Aussie icons in global top 100

Four Australian companies have made the list of the world’s 100 most powerful brands, with the top spot going to technology giant Apple.

The Commonwealth Bank, Westpac, ANZ Bank and Woolworths all made the Brandz Top 100 Most Valuable Global Brands list, compiled by global market research firm Millward Brown and commissioned by marketing giant WPP.

The rankings are based on the views of potential and current buyers of a brand as well as financial data to calculate the brand’s overall value.

Apple retained its title of the world’s most valuable brand, worth $US185 billion, ahead of Google which was valued at $US113 billion and IBM at $US112 billion.

The Commonwealth Bank was the highest-ranked Australian brand, coming in at 48th spot, up 12 places from 2012 when it became the first Australian brand to make the list. Its brand value was calculated at $US17.7 billion – a 36 per cent increase on the previous year.

It is the first time the ANZ Bank (ranked 52), Woolworths (80) and Westpac (88) have made the global list. ANZ’s brand value was listed as $$US16.5 billion; Woolworths at $US11 billion and Westpac at $US10 billion.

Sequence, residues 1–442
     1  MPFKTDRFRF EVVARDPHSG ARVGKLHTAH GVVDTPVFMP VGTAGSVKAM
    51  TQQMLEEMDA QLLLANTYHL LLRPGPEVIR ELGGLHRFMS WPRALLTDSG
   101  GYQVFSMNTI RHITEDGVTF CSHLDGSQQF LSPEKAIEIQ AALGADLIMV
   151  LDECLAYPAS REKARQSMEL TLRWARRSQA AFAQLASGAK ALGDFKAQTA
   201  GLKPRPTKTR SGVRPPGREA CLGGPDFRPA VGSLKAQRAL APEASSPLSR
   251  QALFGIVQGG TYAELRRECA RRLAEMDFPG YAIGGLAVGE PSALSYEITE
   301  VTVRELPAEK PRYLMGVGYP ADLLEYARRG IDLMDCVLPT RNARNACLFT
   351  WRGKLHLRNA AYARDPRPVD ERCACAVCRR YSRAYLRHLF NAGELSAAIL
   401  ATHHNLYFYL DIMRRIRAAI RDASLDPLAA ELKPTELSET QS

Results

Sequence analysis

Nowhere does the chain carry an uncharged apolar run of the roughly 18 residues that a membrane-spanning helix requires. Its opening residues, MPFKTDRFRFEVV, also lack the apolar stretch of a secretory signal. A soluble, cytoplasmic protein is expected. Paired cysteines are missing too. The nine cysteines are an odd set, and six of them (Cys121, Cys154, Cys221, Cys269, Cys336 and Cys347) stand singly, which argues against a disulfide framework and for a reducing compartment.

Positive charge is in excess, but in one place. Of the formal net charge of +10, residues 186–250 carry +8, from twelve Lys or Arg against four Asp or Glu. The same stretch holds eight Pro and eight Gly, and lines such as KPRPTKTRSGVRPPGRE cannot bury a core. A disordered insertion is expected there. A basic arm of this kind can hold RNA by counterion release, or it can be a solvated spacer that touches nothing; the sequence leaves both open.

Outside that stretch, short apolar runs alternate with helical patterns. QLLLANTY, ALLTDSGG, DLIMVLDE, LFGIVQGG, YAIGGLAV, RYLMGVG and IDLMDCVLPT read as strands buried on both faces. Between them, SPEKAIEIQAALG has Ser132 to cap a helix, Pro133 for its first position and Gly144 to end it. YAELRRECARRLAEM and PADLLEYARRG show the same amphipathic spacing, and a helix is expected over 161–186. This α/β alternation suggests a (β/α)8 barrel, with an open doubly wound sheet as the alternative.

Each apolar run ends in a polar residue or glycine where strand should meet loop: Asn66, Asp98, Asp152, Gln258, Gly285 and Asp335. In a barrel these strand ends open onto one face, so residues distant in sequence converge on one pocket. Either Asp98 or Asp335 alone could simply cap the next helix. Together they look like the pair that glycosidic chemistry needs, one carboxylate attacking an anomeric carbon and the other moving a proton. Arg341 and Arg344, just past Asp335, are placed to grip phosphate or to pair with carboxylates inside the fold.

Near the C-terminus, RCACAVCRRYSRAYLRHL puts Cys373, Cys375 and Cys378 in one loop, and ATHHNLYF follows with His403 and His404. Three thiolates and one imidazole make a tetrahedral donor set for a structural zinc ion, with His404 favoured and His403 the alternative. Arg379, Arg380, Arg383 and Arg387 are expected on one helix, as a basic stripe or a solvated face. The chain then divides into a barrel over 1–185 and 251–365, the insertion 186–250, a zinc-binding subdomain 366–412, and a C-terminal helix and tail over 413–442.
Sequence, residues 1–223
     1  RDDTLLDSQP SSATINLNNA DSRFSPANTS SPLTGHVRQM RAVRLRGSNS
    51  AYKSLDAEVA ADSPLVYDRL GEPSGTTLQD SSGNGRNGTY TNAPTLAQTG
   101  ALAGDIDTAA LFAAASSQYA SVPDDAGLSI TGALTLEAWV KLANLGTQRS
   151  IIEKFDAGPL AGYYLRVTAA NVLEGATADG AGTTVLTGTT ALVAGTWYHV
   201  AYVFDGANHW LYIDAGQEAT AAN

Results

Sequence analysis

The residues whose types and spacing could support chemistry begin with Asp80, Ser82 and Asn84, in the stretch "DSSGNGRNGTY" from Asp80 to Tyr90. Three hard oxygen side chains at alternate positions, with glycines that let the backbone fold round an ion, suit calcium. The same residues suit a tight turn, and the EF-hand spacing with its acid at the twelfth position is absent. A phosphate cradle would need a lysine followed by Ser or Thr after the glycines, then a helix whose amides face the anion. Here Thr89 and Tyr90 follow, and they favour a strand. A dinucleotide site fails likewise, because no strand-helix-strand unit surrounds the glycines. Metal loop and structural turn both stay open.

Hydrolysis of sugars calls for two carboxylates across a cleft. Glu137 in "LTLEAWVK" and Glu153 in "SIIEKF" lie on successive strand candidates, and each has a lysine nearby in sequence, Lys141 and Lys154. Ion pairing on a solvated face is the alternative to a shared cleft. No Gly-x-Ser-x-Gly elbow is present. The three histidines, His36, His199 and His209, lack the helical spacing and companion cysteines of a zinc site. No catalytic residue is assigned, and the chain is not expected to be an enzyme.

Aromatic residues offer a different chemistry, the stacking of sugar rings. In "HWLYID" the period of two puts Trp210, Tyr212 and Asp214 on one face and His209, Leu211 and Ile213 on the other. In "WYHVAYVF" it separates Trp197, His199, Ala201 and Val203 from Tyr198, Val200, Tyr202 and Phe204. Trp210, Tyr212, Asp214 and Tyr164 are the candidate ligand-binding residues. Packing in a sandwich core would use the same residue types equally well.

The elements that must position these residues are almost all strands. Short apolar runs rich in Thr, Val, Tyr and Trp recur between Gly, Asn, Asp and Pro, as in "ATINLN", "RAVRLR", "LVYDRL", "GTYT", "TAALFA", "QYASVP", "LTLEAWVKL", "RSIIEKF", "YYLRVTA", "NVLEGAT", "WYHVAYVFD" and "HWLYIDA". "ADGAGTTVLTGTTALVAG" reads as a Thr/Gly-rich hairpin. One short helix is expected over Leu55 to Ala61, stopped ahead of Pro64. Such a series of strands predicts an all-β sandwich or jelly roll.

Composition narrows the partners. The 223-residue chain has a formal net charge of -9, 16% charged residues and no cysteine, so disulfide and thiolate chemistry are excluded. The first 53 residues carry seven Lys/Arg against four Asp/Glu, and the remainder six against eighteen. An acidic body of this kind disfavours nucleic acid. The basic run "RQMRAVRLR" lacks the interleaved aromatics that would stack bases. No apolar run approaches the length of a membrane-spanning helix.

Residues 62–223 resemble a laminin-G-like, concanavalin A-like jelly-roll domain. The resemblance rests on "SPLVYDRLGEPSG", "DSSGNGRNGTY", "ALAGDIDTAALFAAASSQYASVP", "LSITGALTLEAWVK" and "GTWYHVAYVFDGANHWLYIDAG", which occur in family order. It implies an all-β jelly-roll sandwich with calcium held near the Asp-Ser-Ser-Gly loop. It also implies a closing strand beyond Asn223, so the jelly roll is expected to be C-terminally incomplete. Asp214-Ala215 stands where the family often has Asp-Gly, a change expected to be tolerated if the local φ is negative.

The significant presence of Australian brands, particularly in the newcomer rankings, reflected the strength of the Australian economy and the rise in the Australian dollar, according to the Millward Brown report.

“The growing brand value of brands from Australia indicates the strength of the country’s economy relative to other developed markets, and how the country’s proximity to fast-growing Asia markets is influencing growth,” the report said.

The fastest rising brand on the list was luxury apparel brand Prada (95) which saw its value increase by 63 per cent, driven by the “impact of the Chinese consumer purchasing power”.

The second-fastest growing brand and highest-valued apparel brand was Spanish fast-fashion chain Zara. Its brand value rose by 60 per cent to put it in 35th place, ahead of sportswear giant Nike.

The top 100 brands are now collectively worth $2.6 trillion, up 7 per cent from a year ago, according to the report.

Technology brands including Apple, Google, IBM, Microsoft, Samsung, Oracle and Facebook continue to dominate the top rankings, with the report describing them as the “lifeblood of the modern economy”.

All but two of the 13 categories analysed in the report improved in brand value with technology and oil and gas declining modestly.

The greatest percentage brand value rise of all categories was beer – up 36 per cent. Consumer categories – including apparel (up 21 per cent), retail (up 17 per cent), luxury (up 6 per cent) and cars (up 5 per cent) – experienced the strongest brand value appreciation of all the categories.

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